I was asked to participate in panel that posited a series of questionable propositions as its starting point. “Regulation was becoming less relevant; ITU had done a good job building regulatory capacity; now it needed to find new things to do” is a rough paraphrase.
We have now fully emerged from an environment where service and carriage were tightly related, and where regulation was self-contained within a single organisation. New dimensions today include some where the ITU is a participating entity in a broader formal regulatory canvass, and some where facilitation relies on multi-stakeholder freewheeling market forces such as are associated with the Internet. This represents a challenging cultural change for the ITU to establish its active participating role. In the past much goodwork has been done by the ITU in developing regulatory capacity, especially in developing countries, and in traditional ITU areas of responsibility in standardisation and radiocommunications. The ITU should now spread its involvement into other areas in step withits emerging participating roles. A renewed balance between regulation – facilitation – participation is moving more from left to right in this sequence of roles, and whilst some control is given away greater role responsibility for the ITU now means coping with a greater non-regulatory aspect to its activities. The facilitation role has been very successful and new regulators have been educated by ITU activities in formal regulatory subjects. Those regulators and policy makers are now in need of support to deal with the full range of challenges of the modern environment.
So I had to say something useful while also challenging these propositions. I had been coming to ITU Telecom from 1999. Before that I had taught about the ITU and heard the war stories about the midnight marathon that yielded the workable compromise of the 1988 ITR revisions. So I knew that regulators started coming to the ITU only in the 1990s and that even now many of them come under the sufferance of the Ministries that are the real powers as far as the ITU is concerned. I did not think this was the right place to get into the dysfunctions associated with the permanent campaign mode that characterized the ITU under the previous leadership.
My key message was that the ITU should refocus. Do what only it could do. Work with other agencies to leverage its strengths.
My first point was that it was important to distinguish between the different audiences addressed by the ITU: policy makers (Ministries that are the full-voting members of the ITU), regulators and industry. Having worked in government both in policy, implementation and regulation, I focused my comments on the first two groups.
Over time, ITU had been subjected to the usual forces that come into play in large organizations. It had drifted from its core competencies. The result was mission creep. If it begins to chase after every new ICT application and issue, it will be in deep trouble. ICT is now everywhere and in everything. This is the case for ITU’s members, the Ministries, as well.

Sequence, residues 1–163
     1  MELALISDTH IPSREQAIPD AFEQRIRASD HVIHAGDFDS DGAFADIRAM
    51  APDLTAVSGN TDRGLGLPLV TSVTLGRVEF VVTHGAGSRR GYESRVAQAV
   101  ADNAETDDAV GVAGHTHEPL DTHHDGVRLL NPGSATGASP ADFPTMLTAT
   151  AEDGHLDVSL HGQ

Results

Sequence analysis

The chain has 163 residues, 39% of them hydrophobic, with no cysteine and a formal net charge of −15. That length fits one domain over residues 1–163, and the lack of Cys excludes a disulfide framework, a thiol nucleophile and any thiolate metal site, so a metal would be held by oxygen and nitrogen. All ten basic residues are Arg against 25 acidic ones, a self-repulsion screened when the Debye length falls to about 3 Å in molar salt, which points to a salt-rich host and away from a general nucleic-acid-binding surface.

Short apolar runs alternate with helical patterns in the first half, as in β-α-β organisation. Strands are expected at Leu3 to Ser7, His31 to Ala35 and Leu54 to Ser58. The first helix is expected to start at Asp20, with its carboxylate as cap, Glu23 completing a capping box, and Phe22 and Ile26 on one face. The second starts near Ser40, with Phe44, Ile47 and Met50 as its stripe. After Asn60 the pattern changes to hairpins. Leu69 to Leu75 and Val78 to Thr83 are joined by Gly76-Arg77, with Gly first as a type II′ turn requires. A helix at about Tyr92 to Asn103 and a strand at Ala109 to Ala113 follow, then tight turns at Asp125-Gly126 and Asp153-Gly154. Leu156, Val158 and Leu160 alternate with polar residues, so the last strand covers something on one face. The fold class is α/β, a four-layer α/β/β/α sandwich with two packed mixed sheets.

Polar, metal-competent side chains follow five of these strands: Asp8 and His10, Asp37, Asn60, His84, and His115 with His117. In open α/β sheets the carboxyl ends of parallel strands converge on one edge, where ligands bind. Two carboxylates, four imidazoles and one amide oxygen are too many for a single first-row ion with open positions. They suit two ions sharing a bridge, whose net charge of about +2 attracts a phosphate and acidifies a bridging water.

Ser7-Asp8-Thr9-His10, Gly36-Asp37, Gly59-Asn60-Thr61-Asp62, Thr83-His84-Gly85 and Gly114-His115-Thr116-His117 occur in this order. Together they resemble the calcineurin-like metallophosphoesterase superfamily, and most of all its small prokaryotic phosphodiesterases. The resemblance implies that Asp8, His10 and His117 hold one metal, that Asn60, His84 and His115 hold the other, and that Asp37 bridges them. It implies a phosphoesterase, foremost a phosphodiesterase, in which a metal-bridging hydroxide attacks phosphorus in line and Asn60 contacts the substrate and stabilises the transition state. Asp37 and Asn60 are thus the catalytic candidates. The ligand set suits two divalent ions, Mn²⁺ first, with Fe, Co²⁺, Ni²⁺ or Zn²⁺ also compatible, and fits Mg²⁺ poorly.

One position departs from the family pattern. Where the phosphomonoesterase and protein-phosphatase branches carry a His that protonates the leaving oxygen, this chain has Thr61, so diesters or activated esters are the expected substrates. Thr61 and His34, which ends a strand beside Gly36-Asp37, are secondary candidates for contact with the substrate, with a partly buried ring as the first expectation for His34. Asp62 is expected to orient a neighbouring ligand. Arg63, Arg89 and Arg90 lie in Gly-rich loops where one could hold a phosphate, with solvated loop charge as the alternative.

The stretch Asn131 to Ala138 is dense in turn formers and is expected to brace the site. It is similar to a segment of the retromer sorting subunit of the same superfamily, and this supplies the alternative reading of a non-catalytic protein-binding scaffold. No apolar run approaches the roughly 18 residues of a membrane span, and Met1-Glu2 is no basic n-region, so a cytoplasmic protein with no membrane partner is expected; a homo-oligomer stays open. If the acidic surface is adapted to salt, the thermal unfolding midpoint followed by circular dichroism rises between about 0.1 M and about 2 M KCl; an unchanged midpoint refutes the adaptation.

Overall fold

The Ministries have to stop thinking turf and start working with other Ministries and private sector entities. ICT applications in health and agriculture cannot be driven by telecom ministries. Their new role has to be that of collaboration. This has to be mirrored at the international level too. ITU must start working with other IGOs, and step away from the silo mentality.
I illustrated the above with an example: our work with UN ESCAP on an information superhighway for the Asia Pacific that seeks to bring down prices and improve quality of broadband through the building of mesh networks for backhaul that include both terrestrial and maritime components. We went to UN ESCAP because this where international cooperation on highways and railways in managed. Now international backhaul is a priority of UN ESCAP. It’s not that we did not try to bring ITU into the conversation several years ago. We hope they will come in even now.
The above example also illustrates the importance of refocusing on the international. When we are talking about a terrestrial-maritime backhaul mesh that stretches from the Pacific to the Atlantic, any single country can hold it hostage. This requires government level commitment. Who better to get it than UNESCAP and ITU? This project also requires more submarine cables. For some reason we do not understand, no effort has been made to reduce the transaction costs of landing submarine cables. Every landing has to be uniquely negotiated. In a refocused ITU, perhaps this could be a priority action area.
What should ITU pull back from? What is not international and is within countries should not be done by ITU. For example, training regulators or even providing platforms for experience sharing by regulators is better done at the regional level. ITU’s record in this kind of work has been patchy. I did not say it at the panel, but we must rationalize the demands on the time of regulators. Isn’t it better that regulators travel shorter distances to discuss issues with people in their own regions than to travel across the world like they do now?
When asked for actions that ITU can take to assist regulators (in my formulation, also policy makers) my next suggestion was indicators. Increasingly, our ability to measure progress (or lack thereof) with regard to policy objectives or regulatory strategies is being challenged. The current ITU indicators are at breaking point. In all of South East Asia there appear to be more Facebook users (a reliable indicator on which Facebook’s advertising rates are based) than the number of Internet Users as reported by the ITU. The skills components included in the ITU composite Index, ICT Development Index, is highly rudimentary.
You can see how much of my ideas found acceptance by looking at the summary from the Moderator, Professor Tim Unwin.